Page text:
The German language is a pretty blunt instrument of communication. The vocabulary is direct and to the point. So I hope the natives won’t object that I utilize that straightforward approach in my opening description of Berlin – the Ugly City. If Paris is the city of light, then Berlin is the city of darkness. A largely brutalist expression of architecture in both the east and west parts of the city. Although, for obvious reasons, more so in the east. But Berlin is about function rather than finery or frivolity. So that’s okay. And whilst giants of literature and science have plied their trade here, most visitors come for the history, not the culture. That is certainly why I visited this week.
It’s a history dominated by a single man, and the evidence of his existence is etched into every square metre of the city centre. Although you’ll see only a few sign posts acknowledging that fact. The architecture is the first giveaway. The modern concrete blocks, laid down in the 50s, 60s and 70s to fill the holes made by tens of thousands of tons of British and US high explosives, dropped from the skies, day and night, for several years. With the additional destruction of the Soviet attack, the Battle of Berlin, thrown in for good measure. The end result was something of a modern version of Carthage.
Here and there, an older building survives. Or rather, was restored. But they still bear the scars of war. Magnificent columns riddled with bullet holes. Monuments so blackened from the soot of fires that cleaning them is not possible. Then there is the Reichstag, the crowning glory of German reunification, risen from the ashes of 1945, but with constant reminders of the buildings violent history. Photograph displays throughout the interior show the story of the Reichstag. Russian graffiti has been preserved. Then there is that magnificent dome on top, the contrast between the old and the new.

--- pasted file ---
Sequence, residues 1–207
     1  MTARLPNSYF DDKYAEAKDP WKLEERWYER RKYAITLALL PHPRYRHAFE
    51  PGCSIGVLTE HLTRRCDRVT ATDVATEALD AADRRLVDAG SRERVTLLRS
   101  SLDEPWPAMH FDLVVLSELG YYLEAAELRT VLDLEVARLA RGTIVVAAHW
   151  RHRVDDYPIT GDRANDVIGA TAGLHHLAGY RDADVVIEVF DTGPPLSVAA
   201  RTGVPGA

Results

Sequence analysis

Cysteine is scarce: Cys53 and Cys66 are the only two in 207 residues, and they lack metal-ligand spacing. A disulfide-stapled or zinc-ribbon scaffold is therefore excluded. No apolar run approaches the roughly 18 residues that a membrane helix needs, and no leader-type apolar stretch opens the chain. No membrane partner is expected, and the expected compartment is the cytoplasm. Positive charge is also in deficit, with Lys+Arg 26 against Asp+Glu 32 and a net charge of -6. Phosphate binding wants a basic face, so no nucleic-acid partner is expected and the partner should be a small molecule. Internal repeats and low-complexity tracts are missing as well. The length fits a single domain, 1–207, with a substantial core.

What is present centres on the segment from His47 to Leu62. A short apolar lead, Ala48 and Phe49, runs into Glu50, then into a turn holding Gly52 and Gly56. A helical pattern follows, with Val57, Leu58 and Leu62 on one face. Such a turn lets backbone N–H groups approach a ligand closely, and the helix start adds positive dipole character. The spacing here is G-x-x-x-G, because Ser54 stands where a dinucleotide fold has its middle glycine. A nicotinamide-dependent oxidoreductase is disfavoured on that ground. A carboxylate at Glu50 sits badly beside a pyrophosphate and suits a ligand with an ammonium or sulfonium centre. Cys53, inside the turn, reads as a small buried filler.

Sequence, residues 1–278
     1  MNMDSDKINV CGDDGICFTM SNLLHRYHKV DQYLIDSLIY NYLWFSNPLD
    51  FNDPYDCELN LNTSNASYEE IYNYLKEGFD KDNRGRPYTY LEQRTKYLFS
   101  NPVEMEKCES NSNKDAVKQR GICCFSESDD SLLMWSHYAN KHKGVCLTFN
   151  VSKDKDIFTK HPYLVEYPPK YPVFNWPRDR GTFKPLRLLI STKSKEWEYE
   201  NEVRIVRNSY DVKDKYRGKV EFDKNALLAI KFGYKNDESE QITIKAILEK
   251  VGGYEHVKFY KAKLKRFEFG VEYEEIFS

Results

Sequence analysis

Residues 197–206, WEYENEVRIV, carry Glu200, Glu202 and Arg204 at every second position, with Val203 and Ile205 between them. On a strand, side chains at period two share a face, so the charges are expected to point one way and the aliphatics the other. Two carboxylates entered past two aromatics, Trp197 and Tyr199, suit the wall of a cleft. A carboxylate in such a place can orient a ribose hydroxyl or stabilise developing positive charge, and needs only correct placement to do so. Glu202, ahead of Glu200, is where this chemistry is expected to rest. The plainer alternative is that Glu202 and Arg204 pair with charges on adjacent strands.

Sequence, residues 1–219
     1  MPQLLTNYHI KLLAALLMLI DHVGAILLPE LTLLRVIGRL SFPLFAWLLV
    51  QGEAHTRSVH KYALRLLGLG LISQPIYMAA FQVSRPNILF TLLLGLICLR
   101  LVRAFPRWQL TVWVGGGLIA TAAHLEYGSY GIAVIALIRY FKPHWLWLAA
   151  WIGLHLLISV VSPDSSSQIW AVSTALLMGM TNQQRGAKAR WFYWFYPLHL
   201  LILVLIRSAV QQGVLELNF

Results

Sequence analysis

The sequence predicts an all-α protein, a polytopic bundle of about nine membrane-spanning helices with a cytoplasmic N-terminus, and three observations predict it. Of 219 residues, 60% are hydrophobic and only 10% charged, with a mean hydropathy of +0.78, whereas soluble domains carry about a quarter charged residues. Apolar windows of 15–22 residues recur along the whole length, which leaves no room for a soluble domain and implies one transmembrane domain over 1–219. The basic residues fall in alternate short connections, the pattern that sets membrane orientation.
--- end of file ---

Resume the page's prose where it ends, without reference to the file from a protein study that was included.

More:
The history that visitors come to see doesn’t end in 1945, of course. In the eastern half of the city, the swastika was simply replaced with the hammer and sickle, the war changed from world to cold, and an oppressive and brutal leadership carried on the work of their predecessors. Most of the key sites in Berlin lie in the eastern half. What was until 25 odd years ago, the capital of East Germany. Architecturally, an even bigger mess than the western side. I think it is fair to say that the city is yet to fully recover from either the World War or Cold War, both physically and mentally.
Berlin can also claim to be the birthplace of modern political correctness. The art of conversation without offence. Given the very delicate nature of the city’s history, it is not surprising that this is so. How to discuss the finer points of the Gestapo and Stasi without upsetting anyone? There are laws outlawing holocaust denial and use of Nazi symbols. Like a recovering alcoholic, there is the fear that just one sip from the forbidden cup will see Berlin swathed in fascist emblems once more.